It was the last few months of his life and my dad had been in the VA care facility for much longer than he probably ever would have wanted. His rational thinking, memory and motor skills were nearly gone as a result of several strokes, yet his humor, among all those failing clinical and quantifiable qualities, managed to hang on enough to allow us to still have a sustaining window into his personality.
In the activity room, they kept a checkerboard and my son Andy set it up so they could play a game. At first, it all seemed to be going well. Dad moved, Andy moved, and so on -- but then dad decided to rewrite the game and began moving checkers in various random directions on the board. I remember how puzzled Andy looked at first, but then he just kind of went with it and we all laughed with the both of them. Of course, I missed the bright and educated art professor but this was a gift and it was a good day.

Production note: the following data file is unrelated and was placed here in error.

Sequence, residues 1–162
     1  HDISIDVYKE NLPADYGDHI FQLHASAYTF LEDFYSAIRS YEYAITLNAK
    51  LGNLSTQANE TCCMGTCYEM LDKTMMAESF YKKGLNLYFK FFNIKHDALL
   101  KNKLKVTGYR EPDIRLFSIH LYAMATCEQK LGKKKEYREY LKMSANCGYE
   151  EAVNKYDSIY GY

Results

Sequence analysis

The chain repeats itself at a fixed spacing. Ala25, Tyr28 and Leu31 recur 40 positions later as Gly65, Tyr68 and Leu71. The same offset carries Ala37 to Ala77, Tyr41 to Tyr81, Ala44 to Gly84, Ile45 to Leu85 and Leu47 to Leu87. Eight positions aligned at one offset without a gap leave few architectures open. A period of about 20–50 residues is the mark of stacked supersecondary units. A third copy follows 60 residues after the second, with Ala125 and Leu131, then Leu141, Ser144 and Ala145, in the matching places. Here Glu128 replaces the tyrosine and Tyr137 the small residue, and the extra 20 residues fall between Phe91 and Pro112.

Just a few months ago, Laurie's dad was sitting at the dinner table and was sneaking an inordinate number of sweet treats (well, really being helped to them by an unnamed family member), and it reminded me of my own father. He knew he was getting away with something but what did it matter more than his infectious smile and laughter?
I frequently see this sort of interaction at the hospital and it reminds me of how hard it is for anyone to lose a family member but how precious and nourishing humor can be in the wake of dying. It makes it all seem just a bit more fair to know this is one of many ways life can unfold and end without having to lose everything at once.